Summary: Jakub's most anticipated game is finally here. And it's... rough. A diamond, but very rough.
Enemy Territory: Quake Wars was my most anticipated game of the year. Promising class-based objective-oriented gameplay on a dozen detailed and well-balanced maps divided into four campaigns, where players get to fight with vehicles, infantry, and all sort of goodiesÖ kingdom come, right?
Not quite. Nobody promised a 30fps cap on framerates. Or the worldís second-worst server browser (Battlefield, of course, taking first place by a mile). Granted, the twelve maps divided into four campaigns are rather excellent and remain balanced, though playing offense can be very aggravating, especially on low-pop servers or those running more than 24 players. The game seems to hit a sweet spot at about 10-12 players per team, rapidly dropping off into a spam fest on 32-player servers or becoming far too vehicle-centric at 8-per. Some maps, such as Slipgate, Iíve never seen the GDF win.
ETQW is balanced somewhat assymetrically. While the classes and vehicles arenít wildly different as, say, StarCraft is, the variation among the Strogg and GDF forces, especially in vehicles, is notable. Tanks are not equivalent to the Desecrator hover tank or the Cyclops. Similarly, only a lunatic would prefer the Husky to the Icarus, or the Armadillo to the Hog. On the other hand, the GDF forces have an APC that doubles as an anti-aircraft unit and an air transport. In some cases, proper use of these units is vital to success (notably Island).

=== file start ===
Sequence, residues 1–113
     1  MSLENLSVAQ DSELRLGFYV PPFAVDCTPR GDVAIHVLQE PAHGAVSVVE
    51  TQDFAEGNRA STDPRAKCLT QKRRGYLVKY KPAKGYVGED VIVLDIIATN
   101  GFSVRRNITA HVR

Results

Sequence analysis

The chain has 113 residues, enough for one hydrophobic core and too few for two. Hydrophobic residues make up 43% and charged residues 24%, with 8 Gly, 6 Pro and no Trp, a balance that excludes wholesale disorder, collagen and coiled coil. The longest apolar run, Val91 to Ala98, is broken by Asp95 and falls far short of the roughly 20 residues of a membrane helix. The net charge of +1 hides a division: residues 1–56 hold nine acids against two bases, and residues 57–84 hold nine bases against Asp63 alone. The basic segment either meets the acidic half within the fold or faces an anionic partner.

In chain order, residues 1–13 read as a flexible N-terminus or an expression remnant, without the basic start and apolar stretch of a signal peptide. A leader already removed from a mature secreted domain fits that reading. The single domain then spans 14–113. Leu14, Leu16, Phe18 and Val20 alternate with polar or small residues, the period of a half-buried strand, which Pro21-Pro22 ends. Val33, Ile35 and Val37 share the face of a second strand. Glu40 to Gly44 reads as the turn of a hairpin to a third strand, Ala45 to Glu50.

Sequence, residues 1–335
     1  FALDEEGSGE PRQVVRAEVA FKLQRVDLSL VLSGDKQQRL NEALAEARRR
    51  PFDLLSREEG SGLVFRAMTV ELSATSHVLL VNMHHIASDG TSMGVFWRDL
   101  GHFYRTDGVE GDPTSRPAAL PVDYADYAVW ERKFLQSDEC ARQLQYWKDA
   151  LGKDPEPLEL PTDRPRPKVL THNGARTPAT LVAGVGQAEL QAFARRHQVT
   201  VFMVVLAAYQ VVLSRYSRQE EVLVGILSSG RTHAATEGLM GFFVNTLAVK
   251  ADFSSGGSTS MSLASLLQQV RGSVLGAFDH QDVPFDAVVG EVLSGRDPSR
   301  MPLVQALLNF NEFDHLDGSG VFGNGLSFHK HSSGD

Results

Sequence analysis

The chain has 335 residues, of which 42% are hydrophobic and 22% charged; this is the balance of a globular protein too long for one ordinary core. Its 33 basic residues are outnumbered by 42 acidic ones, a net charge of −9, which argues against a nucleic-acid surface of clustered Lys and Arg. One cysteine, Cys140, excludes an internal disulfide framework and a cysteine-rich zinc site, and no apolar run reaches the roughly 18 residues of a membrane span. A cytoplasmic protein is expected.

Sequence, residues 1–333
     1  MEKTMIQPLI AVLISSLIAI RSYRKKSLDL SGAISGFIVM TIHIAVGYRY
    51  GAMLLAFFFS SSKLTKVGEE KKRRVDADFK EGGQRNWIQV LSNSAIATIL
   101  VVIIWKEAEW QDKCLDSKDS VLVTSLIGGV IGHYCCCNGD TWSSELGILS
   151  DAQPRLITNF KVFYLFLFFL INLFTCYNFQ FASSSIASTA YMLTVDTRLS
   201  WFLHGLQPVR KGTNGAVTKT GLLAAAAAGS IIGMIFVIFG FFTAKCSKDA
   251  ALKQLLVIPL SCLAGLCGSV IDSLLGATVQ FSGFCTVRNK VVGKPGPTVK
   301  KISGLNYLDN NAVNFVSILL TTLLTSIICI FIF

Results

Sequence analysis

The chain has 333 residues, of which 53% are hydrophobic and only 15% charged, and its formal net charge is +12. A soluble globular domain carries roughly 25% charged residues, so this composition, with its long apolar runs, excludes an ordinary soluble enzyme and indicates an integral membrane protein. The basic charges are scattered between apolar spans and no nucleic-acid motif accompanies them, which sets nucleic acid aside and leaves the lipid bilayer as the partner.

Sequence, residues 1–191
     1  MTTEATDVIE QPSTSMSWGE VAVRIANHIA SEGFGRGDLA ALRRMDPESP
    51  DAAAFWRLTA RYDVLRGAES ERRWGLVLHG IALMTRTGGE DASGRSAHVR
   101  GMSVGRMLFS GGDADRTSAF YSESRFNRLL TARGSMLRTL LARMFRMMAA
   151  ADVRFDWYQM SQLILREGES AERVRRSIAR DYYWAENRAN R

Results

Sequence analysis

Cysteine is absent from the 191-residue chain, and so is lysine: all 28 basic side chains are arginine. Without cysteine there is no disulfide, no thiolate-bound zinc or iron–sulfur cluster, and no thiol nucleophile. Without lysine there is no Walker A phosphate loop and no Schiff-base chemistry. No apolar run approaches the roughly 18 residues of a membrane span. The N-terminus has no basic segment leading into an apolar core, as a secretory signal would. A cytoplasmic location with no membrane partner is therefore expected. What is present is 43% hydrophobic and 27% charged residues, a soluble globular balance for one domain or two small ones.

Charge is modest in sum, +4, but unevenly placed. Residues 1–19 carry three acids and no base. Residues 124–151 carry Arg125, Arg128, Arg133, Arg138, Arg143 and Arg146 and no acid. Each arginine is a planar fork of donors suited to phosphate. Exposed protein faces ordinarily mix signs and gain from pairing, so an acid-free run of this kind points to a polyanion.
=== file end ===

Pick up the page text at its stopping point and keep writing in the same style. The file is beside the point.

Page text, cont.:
Weapons are rather similar though the Strogg dependence on Stroyent rather than ammunition is both a boon and a drawback. For example, itís harder for the Strogg Oppressor to level up because he doesnít dispense ammo, but the Strogg Technician fulfills both healing and resupply duties. This is vital in close quarters, where the Field Ops just isnít that useful.
Moreover, all the classes are capable in combat. Thereís no such thing as a gimp stand-up fighter like the Medic or Spy from TF2. If youíre a GDF Engineer, you still have a fair chance even against a Strogg Aggressor, despite his usually superior firepower and greater health.
Then, of course, there are snipers. Thereís a pet metric most informed reviewers use called the Sniper Fail Factor, ranging from Ė10 to 0 (-15 in the case of the bunny hopping scoped lethal toe shot AWP patches of Counterstrike), generally indicating how useless and/or annoying the sniper class/weapon is in a game. In recent years designers have recognized the SFF and compensated for it. TF2 does an excellent job, both by giving snipers some actual useful duties other than mere attrition (like taking out sentry guns), and by forcing them to stay zoomed rather than running around and bringing the scope up for a half-second on-the-run headshot. ETQW tries at giving the two sniper classes a role, by making them get into the melee to hack objectives, but generally speaking the SFF rating is about a Ė6, -8 on the GDF side due to its low-visibility weapons trail.
The 30fps framerate cap is limited to singleplayer, but the multiplayer feels like itís playing at a low framerate as well. Whether itís the netcode or some other factor, thereís just something very rough about trying to shoot someone up close in Quake Wars. Compared to the generally smooth TF2, ETQW feels like it has a low pushrate setting and this tends to make close-quarters combat chaotic. Itís simply not a pleasure to get up close and personal on those maps that take the player deep into a building to achieve an objective, which is a real shame since the original Enemy Territory did a rather excellent job of keeping close quarters combat exciting.